The use by Anaximenes of aer (ἀήρ, “air”) as the foundation of all other elements could be very worth exploring. Considering this idea shows up around 550BC, we’re not breaking any new ground. Anaximenes spoke of not only this, but that the entire Universe was in constant motion and transition. The more that we learn about atomic and subatomic structure, the more true this holds. Even things that appear “still” are quite vibrant with motion when looked at deeply enough. He also is the earliest example of using “pneuma” as a synonym for “breath of life.”

In what would eventually be a choice, much of the translation of “pneuma” coming from the Septuagint into what would be the modern day Bible was placed onto the Latin word “Spirit/Spiritus.” Why in the translations to English this word was not made into “breath” confuses me still. I believe it has caused much more confusion than it has helped. If someone tells you they see “spirits” the last thing most of us would assume is that they meant they could see the effects of the wind.

Looking at this from a very literal scientific sense, though, we can define much of life by the capacity to breathe. Animals breathe in what plants breathe out, and vice versa. It’s through this process that we arrive at a type of balance that continues the cycle of life. There is almost no system that did not emphasize this fact.

All of these concepts are both used as a metaphysical word for life-force and also translate quite literally as “air.” Perhaps there really isn’t a great difference in the usages, but there may be some very applicable information to glean here.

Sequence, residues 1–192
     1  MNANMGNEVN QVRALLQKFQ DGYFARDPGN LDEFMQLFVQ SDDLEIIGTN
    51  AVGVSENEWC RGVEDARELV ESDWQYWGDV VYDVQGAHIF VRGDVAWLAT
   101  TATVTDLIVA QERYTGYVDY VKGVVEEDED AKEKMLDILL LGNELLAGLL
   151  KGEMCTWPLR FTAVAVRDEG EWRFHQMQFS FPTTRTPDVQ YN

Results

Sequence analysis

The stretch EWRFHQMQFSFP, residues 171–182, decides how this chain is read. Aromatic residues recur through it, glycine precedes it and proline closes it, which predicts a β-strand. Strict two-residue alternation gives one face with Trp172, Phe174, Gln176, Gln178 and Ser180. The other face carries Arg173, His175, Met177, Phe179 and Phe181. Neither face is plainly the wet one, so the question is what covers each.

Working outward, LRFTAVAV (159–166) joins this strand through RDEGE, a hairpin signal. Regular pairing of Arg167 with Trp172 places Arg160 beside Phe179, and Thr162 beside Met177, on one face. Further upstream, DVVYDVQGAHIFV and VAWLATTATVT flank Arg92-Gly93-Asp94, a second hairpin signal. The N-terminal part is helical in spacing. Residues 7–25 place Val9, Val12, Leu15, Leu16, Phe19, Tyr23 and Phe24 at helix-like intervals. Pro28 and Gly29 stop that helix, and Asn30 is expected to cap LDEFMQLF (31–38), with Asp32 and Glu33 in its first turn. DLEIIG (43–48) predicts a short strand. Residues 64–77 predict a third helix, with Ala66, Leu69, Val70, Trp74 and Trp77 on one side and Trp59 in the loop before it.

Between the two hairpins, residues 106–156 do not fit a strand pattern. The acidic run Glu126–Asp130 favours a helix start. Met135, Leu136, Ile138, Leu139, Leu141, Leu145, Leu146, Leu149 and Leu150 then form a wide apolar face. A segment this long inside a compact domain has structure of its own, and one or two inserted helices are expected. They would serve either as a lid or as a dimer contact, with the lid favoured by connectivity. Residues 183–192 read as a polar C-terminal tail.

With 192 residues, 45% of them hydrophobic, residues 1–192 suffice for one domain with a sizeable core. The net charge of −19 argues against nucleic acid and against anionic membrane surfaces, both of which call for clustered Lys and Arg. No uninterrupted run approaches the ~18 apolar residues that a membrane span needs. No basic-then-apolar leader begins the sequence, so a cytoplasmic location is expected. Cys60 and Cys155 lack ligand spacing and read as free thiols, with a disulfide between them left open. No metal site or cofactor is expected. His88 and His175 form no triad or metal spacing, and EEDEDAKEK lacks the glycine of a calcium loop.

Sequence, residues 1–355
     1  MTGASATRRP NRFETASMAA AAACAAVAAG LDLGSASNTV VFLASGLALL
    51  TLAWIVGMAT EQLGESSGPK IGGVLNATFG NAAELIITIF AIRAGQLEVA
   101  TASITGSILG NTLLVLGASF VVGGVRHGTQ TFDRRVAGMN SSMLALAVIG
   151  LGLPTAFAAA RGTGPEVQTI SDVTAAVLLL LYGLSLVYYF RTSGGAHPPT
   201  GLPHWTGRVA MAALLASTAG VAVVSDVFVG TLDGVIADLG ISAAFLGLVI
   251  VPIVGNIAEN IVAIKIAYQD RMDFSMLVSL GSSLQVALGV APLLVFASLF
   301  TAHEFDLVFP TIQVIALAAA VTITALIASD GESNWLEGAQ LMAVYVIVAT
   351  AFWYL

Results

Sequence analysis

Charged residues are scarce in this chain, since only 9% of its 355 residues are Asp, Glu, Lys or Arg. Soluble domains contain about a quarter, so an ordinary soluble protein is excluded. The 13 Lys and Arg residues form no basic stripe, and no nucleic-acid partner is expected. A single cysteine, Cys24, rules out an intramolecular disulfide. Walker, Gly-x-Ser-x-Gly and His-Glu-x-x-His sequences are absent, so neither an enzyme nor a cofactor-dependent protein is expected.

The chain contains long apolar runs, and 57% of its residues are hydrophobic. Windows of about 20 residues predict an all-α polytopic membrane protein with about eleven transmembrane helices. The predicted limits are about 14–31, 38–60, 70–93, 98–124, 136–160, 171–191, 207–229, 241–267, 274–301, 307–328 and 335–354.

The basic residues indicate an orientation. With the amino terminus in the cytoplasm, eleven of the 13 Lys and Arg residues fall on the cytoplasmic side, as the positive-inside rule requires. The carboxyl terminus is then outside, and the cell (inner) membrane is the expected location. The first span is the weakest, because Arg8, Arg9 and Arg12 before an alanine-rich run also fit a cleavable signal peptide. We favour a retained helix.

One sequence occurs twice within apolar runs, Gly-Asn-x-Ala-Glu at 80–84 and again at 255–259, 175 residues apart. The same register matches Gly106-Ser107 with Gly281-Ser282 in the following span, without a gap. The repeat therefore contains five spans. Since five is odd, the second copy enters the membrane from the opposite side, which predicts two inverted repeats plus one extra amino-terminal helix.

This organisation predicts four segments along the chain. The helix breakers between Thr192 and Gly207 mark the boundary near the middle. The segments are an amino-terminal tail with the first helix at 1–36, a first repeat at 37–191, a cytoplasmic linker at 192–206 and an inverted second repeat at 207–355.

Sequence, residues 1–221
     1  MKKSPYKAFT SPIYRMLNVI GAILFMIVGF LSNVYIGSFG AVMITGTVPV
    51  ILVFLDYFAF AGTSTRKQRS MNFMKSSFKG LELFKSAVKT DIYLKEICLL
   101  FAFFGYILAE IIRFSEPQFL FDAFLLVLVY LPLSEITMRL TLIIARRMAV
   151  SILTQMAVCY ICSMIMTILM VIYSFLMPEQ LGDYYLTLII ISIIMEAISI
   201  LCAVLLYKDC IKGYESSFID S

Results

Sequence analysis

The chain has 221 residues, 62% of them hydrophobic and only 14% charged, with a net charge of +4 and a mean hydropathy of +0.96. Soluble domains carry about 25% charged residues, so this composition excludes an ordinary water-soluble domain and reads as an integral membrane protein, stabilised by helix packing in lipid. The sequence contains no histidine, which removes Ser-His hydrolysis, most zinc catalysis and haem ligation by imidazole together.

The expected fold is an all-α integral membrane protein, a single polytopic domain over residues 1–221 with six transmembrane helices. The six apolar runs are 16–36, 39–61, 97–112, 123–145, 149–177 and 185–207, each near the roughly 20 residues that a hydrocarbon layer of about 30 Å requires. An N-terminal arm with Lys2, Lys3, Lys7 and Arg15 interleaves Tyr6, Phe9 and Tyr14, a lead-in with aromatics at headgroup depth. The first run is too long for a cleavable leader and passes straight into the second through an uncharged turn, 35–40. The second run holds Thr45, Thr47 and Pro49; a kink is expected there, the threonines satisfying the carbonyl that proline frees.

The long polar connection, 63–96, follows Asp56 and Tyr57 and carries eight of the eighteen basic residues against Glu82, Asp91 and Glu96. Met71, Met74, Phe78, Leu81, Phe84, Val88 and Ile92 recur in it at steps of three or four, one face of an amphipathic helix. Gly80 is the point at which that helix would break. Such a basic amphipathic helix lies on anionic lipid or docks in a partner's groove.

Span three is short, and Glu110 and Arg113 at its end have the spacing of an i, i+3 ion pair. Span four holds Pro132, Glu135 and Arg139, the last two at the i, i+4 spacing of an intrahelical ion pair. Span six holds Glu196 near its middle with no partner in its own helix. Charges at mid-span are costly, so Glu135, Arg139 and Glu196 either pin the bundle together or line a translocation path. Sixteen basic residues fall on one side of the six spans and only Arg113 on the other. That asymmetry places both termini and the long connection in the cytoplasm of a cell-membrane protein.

If our emotions are getting away from us, we may hear “take a deep breath” or “slow your breathing and count to 10.” When we are stressed out, our breathing becomes more shallow. Interestingly, breath is also both an automatic impulse and directly under control by will. If you forget about it, you will still breathe. On the other hand, you can control the rate at which you inhale, exhale, or hold your breath. This has been studied.

By exploring the breath, such as in the Wim Hof method, qigong, or pranayama, we find our emotional state is strongly affected by our breathing. Through regularly exercising control and observation of our breath, we can actually learn to directly alter our emotional state. This fascinates me greatly.

Perhaps if we examine our understanding of spirit as being both the essence of God and also our very breath, we may unravel deeper understandings of our own mechanical nature, and how to gain conscious control over it.

וַיִּיצֶר֩ יְהוָ֨ה אֱלֹהִ֜ים אֶת־הָֽאָדָ֗ם עָפָר֙ מִן־הָ֣אֲדָמָ֔ה וַיִּפַּ֥ח בְּאַפָּ֖יו נִשְׁמַ֣ת חַיִּ֑ים וַֽיְהִ֥י הָֽאָדָ֖ם לְנֶ֥פֶשׁ חַיָּֽה “Then the Lord God formed the man of dust from the ground and breathed into his nostrils the breath of life, and the man became a living creature.” – Gen 2:7

καὶ τοῦτο εἰπὼν ἐνεφύσησεν καὶ λέγει αὐτοῖς Λάβετε πνεῦμα ἅγιον· “And when he had said this, he breathed on them and said to them, ‘Receive the Holy Spirit’.” John 20:22 (ΚΑΤΑ ΙΩΑΝΝΗΝ 20:22 Greek NT: Westcott and Hort 1881)


Exercise = Hatha Yoga, Diet = Sandwiches and Holiday food, Notables = Wim Hof breathing, 4 rounds followed by cold shower.

“Breath of Life” by is licensed under CC BY-NC-SA 2.0

Epictetus, a Cognitive Pioneer

A slave turned teacher, Epictetus is one of the premier minds of stoicism. Stoics often get very misunderstood, and it has a great deal to do with linguistics. What was once a practical way to evaluate your own actions and morals eventually became a way to simply call someone “emotionless.” I was recently called stoic, and found that rather interesting. I’m not so sure that it’s accurate, but I for sure respect the stoic way of viewing the world.

Our point of inspiration today is Epictetus (Ἐπίκτητος if you prefer) who was born a slave in what is now in modern day Turkey. With a name that practically translates “Acquired” it’s pretty obvious that our friend here was born into a life of hardship. It’s practically miraculous that so many of his teachings survived, and if not for one of his students, Arrian, they likely wouldn’t have.